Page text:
Generational Differences and Identity Politics

Generational differences are a hot topic for organizational behaviorists. Is this a real issue, or is it just the current management fad?

“Never in history have we seen four generations together in the workplace.” That line starts thousands of articles and hundreds of presentations. A Google search of “four generations in the workplace articles” yields almost 2 million hits.

What is so different? It isn’t like we suddenly see people entering the workplace in their twenties, or staying active into their 70s. That has always been the case. Why is it different now?

We have seminars on generational differences; how Boomers should manage Millennials, and on how Millennials should understand Boomers. There seem to be few, if any, seminars on how GenXer’s work with others.

generational-gearsPart of this “phenomenon” is the truncating of Generation X. Sociologists (I guess that’s who labels generations) have decided that GenX was  a “shorter” generation than any other. Where previous generations are consistently of 20 years duration, GenX is less. Most measure it from 1965 to 1982, although I’ve seen some that claim it only applies to people born from 1966 (lengthening the Boomers’ reign to 21 years) to 1980 (starting the Millennials a full 5 years early.)

That would leave a whole generation that was 50% the size of those coming before and after it. The “baby bust” was dramatic, but statistically it wasn’t that dramatic. Shortening the generation makes a 20% drop in birthrates look like total collapse.

It is interesting that the Boomers have had three presidents (Bill Clinton, George W. Bush and Barack Obama), while the “Greatest Generation” (1905-1924)  had seven, controlling the White House for 28 years, from 1961 until 1989. The “Silent Generation” (1925-1944) had none.

If either Hillary Clinton or Donald Trump serves two terms, the Boomers would claim Presidential membership for 32 years. There might be another generation skipping event. That would fit with my musings about GenX as a Lost Generation back in 2012.

Does any of this matter in your business? It probably does, if only because we are so conscious of our generational identities today, and they are about to become a political football.

When I post articles about the generations, I’m taken aback by the vitriol in some comments. Nasty cracks are to be expected, but these run to a common theme. “You Boomers frittered away our birthright, spent us into bankruptcy and are leaving us (GenX and the Millennials) holding the bag.”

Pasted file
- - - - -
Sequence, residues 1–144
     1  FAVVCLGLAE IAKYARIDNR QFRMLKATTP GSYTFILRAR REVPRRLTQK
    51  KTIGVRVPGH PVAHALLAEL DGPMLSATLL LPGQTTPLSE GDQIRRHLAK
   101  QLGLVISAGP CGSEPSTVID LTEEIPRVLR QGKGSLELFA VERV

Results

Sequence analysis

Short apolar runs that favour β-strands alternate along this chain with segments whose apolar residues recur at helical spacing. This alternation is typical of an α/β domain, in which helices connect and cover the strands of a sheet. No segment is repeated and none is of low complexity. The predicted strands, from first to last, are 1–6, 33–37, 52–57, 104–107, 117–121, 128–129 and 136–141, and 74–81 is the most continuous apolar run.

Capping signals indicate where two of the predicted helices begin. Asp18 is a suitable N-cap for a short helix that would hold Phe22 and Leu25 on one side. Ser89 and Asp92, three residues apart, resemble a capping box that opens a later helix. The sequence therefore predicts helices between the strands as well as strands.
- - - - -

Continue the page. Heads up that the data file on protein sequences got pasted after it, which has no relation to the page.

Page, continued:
Wait a minute, The Boomers fueled the longest period of sustained economic growth in our history. As workers, they funded the retirement and medical care for two generations who had put little or nothing into the system. The social programs they paid for were clearly created long before 1989. Why should they take the blame for a system they didn’t create, and kept afloat for the last forty years?

Because the bill for those programs is coming due, and paying for it going to be a huge, long-term burden on our economy. Someone must be to  blame, and there is no satisfaction in hanging it on Grandma and Great-grandpa.

The youngest Boomers are turning 51 this year. We will be business owners for another fifteen to twenty years. In another three  years, roughly half of our workers will be Millennials.

The “Generational Differences” seminars that business owners need aren’t just about how to deal with employees who think differently and hold different values. We need some idea of how to deal with workers who are facing a sluggish economy and higher taxes, and who are being told that the blame rests squarely on the boss.

Do you know a business owner who would enjoy Awake at 2 o’clock? Please share!

Categories: Economic Trends, Entrepreneurship, Exit Planning, Leadership, Managing Employees, Strategy and Planning... Bookmark this post.

2 Responses to Generational Differences and Identity Politics

  1. Eugenia says:

    The boomers and the millennials should appreciate the strength, knowledge and understanding of each generation, by so doing an effective structure can emerge which could yield high valuable growth and benefits for both generation.

  2. Bradley Chilcote says:

    I believe it all comes down to empathetic listening on each generational level. This takes active listening to another level where you connect with another’s core emotional being, in addition to understanding the message. Seek first to understand and apply the platinum rule (treat others the way they want to be treated). Working with multiple generations also requires informed leadership styles: not the leadership based on the “seat of your pants”, but leadership that is adapted based on the study and application of leadership principles. Yes, different generations are products of their political, economic, and cultural environments; but this isn’t a bad thing. It has been established through many studies that the more diverse a team is, the stronger it is!

Leave a Reply

Your email address will not be published. Required fields are marked *